5 Tips for the Aspiring Designer / Developer

Ernst Haeckel [Public domain], via Wikimedia Commons

I was recently approached by a friend of a friend, a student working towards his B.S. in information technology with a concentration in website design who wondered if I had any tips for someone who’s “new to the scene”.  Little did he know that I had been working on a blog post featuring such a list of pointers.  I took this interaction as a sign I should finish it.

  1. Take Every Opportunity to Learn About Anything
    Web design and development is inherently multidisciplinary.  A good website: garners traffic; entices visually; brands effectively; communicates clearly; leverages technology; and (seriously, designers and developers both need to stop ignoring this one) serves business goals.  …and that’s just the product – there’s a whole other set of disciplines for the process.  Bottom line, getting all of it right is a real battle, so you’ll want a whole arsenal to fight with.
  2. Find Yourself a Role Model and Repeat Daily
    It is really so easy to keep your head in the sand, especially when you’re under a heavy workload.  Your work will be of so much higher quality if you can constantly identify solid role models in your disciplines and benefit from their examples.  Yes, you can and eventually will learn to do things correctly on your own, but you could also get there so much faster.  You might also identify the poor role models around you and take notes on what not to do.
  3. Adopt Conventions That Keep Code Readable
    I promise, readable and well-documented code is its own reward.  Always indent.  Always quote attributes.  Always explain anything that’s not completely obvious.  Ask yourself, “Will I (or someone else) be happy to pick this up again a year from now?”  You’ll thank me the first time you find yourself grunting and grumbling over inheriting some slob’s messy code.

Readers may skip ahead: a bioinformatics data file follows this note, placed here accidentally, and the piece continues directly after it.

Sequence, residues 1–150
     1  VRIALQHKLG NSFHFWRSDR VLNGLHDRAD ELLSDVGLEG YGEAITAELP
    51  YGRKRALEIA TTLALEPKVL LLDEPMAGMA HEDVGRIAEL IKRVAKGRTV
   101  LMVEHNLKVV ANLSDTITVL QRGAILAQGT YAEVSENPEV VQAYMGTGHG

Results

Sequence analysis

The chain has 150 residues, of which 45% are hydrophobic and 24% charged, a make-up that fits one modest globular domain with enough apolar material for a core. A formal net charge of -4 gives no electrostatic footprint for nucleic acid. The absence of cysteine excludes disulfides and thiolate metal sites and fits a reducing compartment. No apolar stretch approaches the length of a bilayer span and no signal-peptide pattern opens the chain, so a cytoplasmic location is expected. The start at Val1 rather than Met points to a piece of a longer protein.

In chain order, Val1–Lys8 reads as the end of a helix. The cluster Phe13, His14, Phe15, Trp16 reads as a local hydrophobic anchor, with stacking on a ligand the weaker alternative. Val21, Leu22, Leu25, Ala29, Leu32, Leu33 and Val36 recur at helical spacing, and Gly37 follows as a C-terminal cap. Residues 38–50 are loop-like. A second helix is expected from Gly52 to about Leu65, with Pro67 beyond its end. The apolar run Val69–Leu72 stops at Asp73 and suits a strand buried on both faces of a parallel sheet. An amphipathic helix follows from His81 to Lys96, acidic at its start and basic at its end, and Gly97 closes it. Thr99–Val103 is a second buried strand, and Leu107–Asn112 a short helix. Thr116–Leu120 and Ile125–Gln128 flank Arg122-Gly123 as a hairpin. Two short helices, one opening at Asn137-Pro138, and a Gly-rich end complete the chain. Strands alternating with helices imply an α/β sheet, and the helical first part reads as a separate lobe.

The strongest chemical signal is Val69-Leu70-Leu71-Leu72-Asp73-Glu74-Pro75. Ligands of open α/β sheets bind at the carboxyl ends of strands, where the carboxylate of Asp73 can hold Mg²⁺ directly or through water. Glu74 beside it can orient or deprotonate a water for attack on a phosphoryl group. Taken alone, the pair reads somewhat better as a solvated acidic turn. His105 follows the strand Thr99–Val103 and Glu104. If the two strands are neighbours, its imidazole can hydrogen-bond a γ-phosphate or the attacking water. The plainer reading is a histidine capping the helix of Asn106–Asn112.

4. Consider Writing Your Own CSS Reset/Normalize
    I recently decided after years and years of either building each stylesheet up from scratch or starting with someone else’s not-quite-complete reset that I would establish my own and while it really is tedious and time-consuming, it has probably been the most effective exercise of my career.  You will learn so much so quickly and all the while you’ll be developing something that can be used and improved upon every day.  If you make it to a milestone without losing your mind in the battle for browser compatibility, you might stand a chance in this industry.
  5. Make a Habit of Being the Devil’s Advocate
    I’m not sure I’ve ever worked on a project where there wasn’t some barrier to best practices, but that’s not to say you shouldn’t always be thinking about them.  Are we concerned about accessibility?  What about progressive enhancement?  Have we considered performance?  Are we introducing any limitations to future possibilities?  It’s far better for the client to wonder how you can be such a geek now than wonder why you hadn’t brought it up later.

Now is a great time to be entering the web design and development field.  With the advent of social media and networking, inspiration is abundant and accessible.  New and emerging technologies are opening a world of possibilities, both creative and functional.  The business world couldn’t be more excited about the Internet.  I can’t wait to see what you produce.